Aviation Engineers, Mechanical Workers, Doctors and professionals in a wide range of other fields are helped by Google Glass Enterprise Edition.
Remember back in 2012 when Google X unveiled their geeky, not-for-consumers mini-computer in the shape of glasses called (unsurprisingly) Glass? By relaying visual information directly to the user’s eyes and with hands-free voice control, the Glass instilled dreams of the future in any Sci-Fi geek. The glass was fitted with a camera and an Internet connection, enabling Glass-users to see what each other see.
Though initially available only to a select group of consumers dubbed the Glass Explorers, it wasn’t long until people found unique ways of using the glass, including taking covert pictures and recording audio in sensitive places such as museums, courtrooms, airport security and the like; simultaneously spurring a heated debate over privacy. Moreover, Google did its utmost to ban pornography from the system but it couldn’t prevent people discovering it was rather interesting having sex with another Glass-user…
The Glass was later released to the public for a hefty USD $1,500 price tag, however supply was limited from the start and Google has at times stopped the production altogether. On July 18 this year, X Company (Previously Google X) announced the official release of Glass Enterprise Edition. This new iteration has undergone 2-year trials at over 50 different companies such as DHL, GE Aviation and Dignity Health’s hospitals.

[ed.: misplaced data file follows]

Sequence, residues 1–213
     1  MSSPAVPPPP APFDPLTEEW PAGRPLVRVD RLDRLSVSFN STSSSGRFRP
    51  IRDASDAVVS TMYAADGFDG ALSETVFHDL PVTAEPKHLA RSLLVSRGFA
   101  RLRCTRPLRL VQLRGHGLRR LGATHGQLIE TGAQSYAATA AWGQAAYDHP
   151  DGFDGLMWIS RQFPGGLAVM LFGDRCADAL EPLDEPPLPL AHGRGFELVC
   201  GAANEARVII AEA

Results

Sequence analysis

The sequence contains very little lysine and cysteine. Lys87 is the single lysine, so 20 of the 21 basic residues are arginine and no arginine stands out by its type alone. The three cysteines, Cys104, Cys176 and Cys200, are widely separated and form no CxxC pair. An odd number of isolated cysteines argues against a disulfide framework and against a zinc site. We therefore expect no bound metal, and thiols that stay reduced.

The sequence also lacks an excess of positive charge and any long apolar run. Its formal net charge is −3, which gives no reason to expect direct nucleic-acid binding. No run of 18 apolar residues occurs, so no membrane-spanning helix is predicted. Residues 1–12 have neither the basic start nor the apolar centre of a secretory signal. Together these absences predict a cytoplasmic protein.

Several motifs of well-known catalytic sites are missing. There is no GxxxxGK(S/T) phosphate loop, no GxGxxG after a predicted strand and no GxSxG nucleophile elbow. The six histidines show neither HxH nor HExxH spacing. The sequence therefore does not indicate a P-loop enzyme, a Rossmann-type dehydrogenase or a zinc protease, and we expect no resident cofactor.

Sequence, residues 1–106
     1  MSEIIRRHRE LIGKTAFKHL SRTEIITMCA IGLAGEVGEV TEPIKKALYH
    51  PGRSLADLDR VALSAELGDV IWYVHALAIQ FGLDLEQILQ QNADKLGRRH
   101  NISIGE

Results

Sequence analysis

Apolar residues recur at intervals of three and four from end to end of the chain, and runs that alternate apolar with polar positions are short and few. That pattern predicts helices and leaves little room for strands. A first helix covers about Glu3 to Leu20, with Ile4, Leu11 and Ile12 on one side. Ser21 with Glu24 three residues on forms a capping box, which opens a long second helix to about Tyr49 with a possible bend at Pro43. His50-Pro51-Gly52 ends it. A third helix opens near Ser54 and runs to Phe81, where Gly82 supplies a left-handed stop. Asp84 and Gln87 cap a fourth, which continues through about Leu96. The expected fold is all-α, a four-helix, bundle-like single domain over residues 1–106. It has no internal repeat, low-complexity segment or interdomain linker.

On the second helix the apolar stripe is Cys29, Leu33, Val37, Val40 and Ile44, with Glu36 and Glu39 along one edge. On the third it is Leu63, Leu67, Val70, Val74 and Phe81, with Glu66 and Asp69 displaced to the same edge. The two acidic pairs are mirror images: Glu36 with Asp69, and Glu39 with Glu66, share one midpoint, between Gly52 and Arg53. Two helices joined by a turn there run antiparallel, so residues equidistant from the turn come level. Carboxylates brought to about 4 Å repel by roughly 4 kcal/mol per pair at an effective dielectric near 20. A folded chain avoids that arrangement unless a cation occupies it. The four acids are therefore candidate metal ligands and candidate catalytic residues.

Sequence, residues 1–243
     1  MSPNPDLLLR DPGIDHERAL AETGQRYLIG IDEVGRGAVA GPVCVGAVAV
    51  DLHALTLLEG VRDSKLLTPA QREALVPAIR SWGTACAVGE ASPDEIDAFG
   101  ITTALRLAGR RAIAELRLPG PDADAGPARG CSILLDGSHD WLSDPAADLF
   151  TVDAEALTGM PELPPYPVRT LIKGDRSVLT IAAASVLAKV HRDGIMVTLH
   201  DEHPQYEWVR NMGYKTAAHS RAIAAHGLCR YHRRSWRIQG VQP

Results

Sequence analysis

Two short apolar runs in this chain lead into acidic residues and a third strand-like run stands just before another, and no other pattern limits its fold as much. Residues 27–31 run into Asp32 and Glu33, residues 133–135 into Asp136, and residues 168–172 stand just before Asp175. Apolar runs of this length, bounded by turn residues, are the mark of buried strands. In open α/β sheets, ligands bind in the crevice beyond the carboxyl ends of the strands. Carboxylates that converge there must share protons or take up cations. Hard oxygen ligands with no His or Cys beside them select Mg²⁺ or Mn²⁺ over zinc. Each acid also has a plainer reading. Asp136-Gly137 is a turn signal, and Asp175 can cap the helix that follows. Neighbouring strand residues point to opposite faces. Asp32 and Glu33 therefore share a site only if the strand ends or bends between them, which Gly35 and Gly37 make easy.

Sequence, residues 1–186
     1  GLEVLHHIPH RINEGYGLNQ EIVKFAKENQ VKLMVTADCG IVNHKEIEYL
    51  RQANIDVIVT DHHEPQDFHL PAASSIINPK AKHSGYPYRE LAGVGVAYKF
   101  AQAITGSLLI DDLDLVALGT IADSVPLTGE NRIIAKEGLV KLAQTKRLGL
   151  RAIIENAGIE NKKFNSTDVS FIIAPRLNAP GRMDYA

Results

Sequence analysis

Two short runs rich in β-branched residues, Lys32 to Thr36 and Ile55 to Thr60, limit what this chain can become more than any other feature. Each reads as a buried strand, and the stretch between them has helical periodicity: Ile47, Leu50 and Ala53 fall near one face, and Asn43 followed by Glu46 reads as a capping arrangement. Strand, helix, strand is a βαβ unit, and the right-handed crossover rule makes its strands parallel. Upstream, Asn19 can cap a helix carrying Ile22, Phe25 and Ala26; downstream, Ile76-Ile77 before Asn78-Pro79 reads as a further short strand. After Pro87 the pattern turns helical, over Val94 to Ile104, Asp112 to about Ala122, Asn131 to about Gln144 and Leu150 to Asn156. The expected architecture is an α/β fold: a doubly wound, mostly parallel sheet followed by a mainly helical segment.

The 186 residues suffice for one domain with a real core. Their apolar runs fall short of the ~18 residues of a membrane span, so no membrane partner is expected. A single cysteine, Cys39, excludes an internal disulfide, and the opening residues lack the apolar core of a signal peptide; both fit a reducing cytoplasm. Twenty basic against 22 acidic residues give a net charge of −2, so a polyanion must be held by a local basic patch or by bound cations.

The unique way Glass enables people to totally hands-off have access to, but also relay information to others have increased the efficiency of workers of various fields. Aviation Engineers reportedly only carry their Glass instead of their usual tomes of aviation engine manuals; instead, they’re able to follow audio-visual instructions via Glass. Mechanical workers can show live video feeds of their production pieces to co-workers while ticking-off quality assurance check-lists. Doctors have been able to look their patients in the eye, confident the Glass keeps the note-taking going on in the background.
Any company interested in using Glass Enterprise Edition can now jump on-board by contacting any of X Company’s partners. What the new Glass Enterprise Edition will cost is not disclosed however.
So, what do you guys think? Will we all be walking around with reality-enhancing glasses any time soon? If so, don’t you feel uncomfortable with Google or another company being able to see everything you see, including what you hear? Leave a comment and let us know below!